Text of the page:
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Membrane Targeting of Cardiac Ion Channels
The basic function of the heart is to work as a pump, circulating blood throughout the body. For each successful heartbeat, billions of individual heart cells must contract successfully and in coordinated fashion. A biological electrical system based on ion channels exists to regulate contraction and synchronization. In a diseased heart, damage from blocked arteries and infection leads to improper subcellular localization of these ion channels, contributing to both dangerous heart rhythms and congestive heart failure. Because arrhythmias and heart failure are the primary causes of death and disability in the United States, we are very interested in the regulation of ion channel movements in normal and damaged heart cells.
Studying and Rescuing Cell-Cell Communication
The primary protein responsible for cell-cell communication in the heart’s main pumping chambers and for cell-cell communication in most organ systems is connexin 43, which forms gap junctions at cell borders. The Shaw Laboratory is focused on understanding the Cx43 life cycle, from transcription regulation (DNA to RNA) to translational regulation (RNA to protein) to forward trafficking and then internalization for degradation. We have learned that Cx43 transcription can be repressed, that Cx43 undergoes alternative translation forming multiple smaller C-terminal truncation isoforms, that Cx43 can be targeted directly to cell-cell borders using the microtubule and actin cytoskeleton, and that internalization follows a complex dynamic cascade of events. We are learning that the pathways involved in these processes are amenable to pharmaceutical manipulation, and the lab is developing therapies that rescue cell-cell communication in diseased hearts.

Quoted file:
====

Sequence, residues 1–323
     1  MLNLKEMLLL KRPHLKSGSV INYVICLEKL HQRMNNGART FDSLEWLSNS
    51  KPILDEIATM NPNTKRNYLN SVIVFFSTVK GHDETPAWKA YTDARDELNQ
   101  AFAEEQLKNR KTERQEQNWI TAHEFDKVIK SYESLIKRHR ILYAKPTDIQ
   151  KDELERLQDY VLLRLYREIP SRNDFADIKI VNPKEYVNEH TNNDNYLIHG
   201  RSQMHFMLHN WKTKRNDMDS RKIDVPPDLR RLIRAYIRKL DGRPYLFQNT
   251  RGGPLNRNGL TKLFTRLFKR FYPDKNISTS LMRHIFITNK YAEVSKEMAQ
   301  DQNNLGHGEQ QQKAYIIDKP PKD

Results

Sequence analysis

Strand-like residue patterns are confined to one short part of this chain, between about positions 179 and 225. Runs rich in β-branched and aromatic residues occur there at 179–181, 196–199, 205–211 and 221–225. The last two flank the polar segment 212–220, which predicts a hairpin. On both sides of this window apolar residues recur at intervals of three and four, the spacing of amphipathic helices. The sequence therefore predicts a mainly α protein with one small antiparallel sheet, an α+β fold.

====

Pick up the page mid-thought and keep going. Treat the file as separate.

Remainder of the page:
Calcium Channels and Biomarkers that Prognosticate Heart Failure Outcomes
Using connexin 43 as a model of intracellular channel movement, we also found that a reason the L-type calcium channels traffic to cardiomyocyte T-tubules is that the microtubule cytoskeleton delivers the channels to BIN1-enriched membrane at T-tubules. Further we found that BIN1, which is a membrane scaffolding protein, helps determine the strength of each heartbeat, is decreased in diseased and failing hearts, and is blood available. Thus BIN1 is a blood available quantification of the biochemical reserve of failing hearts. In a clinical study, we found that the blood levels of BIN1 in patients with heart failure correlate with cardiac reserve and that a
low blood level of BIN1 also predicts the occurrence of future ventricular arrhythmias. We are in the process of developing BIN1 as a novel blood test is both a diagnostic and prognostic biomarker of chronic heart failure.